After a long five years (during which some of us waited impatiently), one of the greatest rock bands in this (parallel) universe yet again graced our lives with their return from the dark waters of the taboo phenomenon ‘hiatus’. Short of one John Frusciante, and up one Josh Klinghoffer, the Red Hot Chili Peppers bravely attempted to make their mark on the second decade of the millennium with the release of their new album I’m With You and the launch of their worldwide tour of the same name.
So, as I’m sure die-hard fans of the Chilis out there will agree with me, expectations were high! I can’t be anything but honest — the first listen through any album is always the hardest; we’re all naturally very skeptical. However, despite entering the 60-minute trip through I’m With You with a clear mind, I left confused and expecting a climax the album never reached. Now don’t get me wrong, just like all other Peppers albums this was very easy to listen to, with catchy choruses in ‘Brendan’s Death Song’ and ‘Goodbye Hooray’ (an occasional stroke of lyrical genius from Anthony Kiedis), along with the pleasant melodies of ‘Did I Let You Know’ and ‘Ethiopia’; but I’m With You seems lacking in any true bound-to-be classics, like the ones we had on By the Way and Californication. All in all, it is a very radio-friendly album, and hardly pushed any boundaries like past RHCP gold. Nevertheless, with every new listen I grew more and more impatient to see the quatro perform some of the tracks from the album at the O2 Arena, to which I’d bought a ticket.
Standing in line to see the show that night, biting my nails as the lights went down, I definitely wasn’t ready for the magical two hours which were ahead of me. The roar of cheers which filled my ears and strained my vocal cords as the legends walked onstage set me up for a night I will never forget. True to all stories of their gigs I’d heard from friends who had been lucky enough to see them before, they filled their set with vintage tunes which made the crowd pulsate with pleasure.
Opening up with their newest single ‘Monarchy of Roses’, and then rolling through the classics ‘Can’t Stop’, ‘Scar Tissue’, ‘Throw Away Your Television’, ‘By the Way’ and ‘Californication’, with the occasional track from the new album nestled in between, it’s safe to say the tears rolling down my face when ‘Parallel Universe’ came on (the highlight of my evening) were in no way undeserved. Paired with the emotions emanating from the audience as they sang along to ‘Under the Bridge’, as well as Flea’s impressive handstand, Chad’s generous giveaway of numerous drum sticks throughout the night, and the iconic moment Kiedis took his top off (a perfect piece of DNA), the night definitely merited an ‘epic’ status.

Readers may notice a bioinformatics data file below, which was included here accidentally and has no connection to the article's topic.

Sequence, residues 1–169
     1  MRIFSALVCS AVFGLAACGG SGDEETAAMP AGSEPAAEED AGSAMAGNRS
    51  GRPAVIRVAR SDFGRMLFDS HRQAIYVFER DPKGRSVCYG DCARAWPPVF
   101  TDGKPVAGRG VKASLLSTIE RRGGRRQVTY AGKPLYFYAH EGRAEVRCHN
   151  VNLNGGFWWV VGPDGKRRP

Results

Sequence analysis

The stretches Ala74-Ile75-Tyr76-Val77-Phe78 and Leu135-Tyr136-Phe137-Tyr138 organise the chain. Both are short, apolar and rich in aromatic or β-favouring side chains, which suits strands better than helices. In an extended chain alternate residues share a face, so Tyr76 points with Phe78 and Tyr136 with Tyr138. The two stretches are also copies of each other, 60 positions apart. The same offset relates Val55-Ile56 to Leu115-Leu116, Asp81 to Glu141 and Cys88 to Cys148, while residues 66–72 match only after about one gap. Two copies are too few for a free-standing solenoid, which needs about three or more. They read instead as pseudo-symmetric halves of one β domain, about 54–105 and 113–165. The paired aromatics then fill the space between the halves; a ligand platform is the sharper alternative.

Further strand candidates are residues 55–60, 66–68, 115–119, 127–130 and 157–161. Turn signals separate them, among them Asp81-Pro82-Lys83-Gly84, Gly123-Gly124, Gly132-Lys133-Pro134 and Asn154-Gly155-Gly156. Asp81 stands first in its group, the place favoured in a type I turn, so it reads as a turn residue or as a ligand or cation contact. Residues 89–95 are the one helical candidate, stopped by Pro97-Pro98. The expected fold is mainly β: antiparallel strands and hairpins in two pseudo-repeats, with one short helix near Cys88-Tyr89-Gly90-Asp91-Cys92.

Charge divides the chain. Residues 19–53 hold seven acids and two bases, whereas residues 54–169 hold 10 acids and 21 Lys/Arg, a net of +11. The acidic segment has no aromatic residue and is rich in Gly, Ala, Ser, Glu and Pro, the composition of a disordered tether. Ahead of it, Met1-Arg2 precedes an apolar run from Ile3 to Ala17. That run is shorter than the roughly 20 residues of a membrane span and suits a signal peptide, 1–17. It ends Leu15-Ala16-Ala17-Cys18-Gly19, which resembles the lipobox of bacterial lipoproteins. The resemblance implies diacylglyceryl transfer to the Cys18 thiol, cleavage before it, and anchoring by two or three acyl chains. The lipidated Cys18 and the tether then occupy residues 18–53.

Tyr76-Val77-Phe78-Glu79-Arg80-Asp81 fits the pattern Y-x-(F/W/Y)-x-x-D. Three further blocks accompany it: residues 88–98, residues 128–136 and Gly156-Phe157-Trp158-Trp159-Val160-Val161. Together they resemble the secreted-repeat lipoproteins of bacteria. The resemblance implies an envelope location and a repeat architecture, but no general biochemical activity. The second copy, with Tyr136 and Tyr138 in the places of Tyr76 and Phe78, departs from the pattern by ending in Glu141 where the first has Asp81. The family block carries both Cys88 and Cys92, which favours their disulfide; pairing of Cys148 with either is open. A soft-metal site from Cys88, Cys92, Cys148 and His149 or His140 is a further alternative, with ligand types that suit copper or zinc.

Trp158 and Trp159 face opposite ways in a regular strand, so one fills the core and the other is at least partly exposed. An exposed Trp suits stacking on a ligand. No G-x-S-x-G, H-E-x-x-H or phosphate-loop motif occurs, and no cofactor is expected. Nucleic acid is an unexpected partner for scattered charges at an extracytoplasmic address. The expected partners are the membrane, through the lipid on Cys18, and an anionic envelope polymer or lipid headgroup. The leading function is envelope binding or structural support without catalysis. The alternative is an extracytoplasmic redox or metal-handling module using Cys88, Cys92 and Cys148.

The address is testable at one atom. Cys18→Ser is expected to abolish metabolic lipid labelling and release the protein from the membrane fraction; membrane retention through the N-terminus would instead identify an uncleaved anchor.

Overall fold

The passionate jams between Flea and Klinghoffer tickled the senses and proved that the latter was worthy of the stage, even when they played the cult ‘Sir Psycho Sexy’ (not one of my favourites, but certainly one which was appreciated by a friend who also saw them) to kick off their encore. Saved in the close by Chad’s moving words of gratitude for the welcoming reception “even after 30 years”, Kiedis’s little hiccup (when he moodily walked offstage after he’d finished singing) was long forgotten; but not the night, which proved to be a dauntless moment in time.
Overall, this may possibly have been a very biased review of the long-anticipated comeback of the Red Hot Chili Peppers, as I am a die-hard fan who would probably benefit from putting her memorising skills to good use in her degree rather than just shamelessly recalling lyrics, but to all you similar RHCP maniacs out there — don’t take my word for it — go and see them for yourself! The Peppers are coming back to the UK next year, and I’m definitely not missing out on another treat, so I’ll see you all there!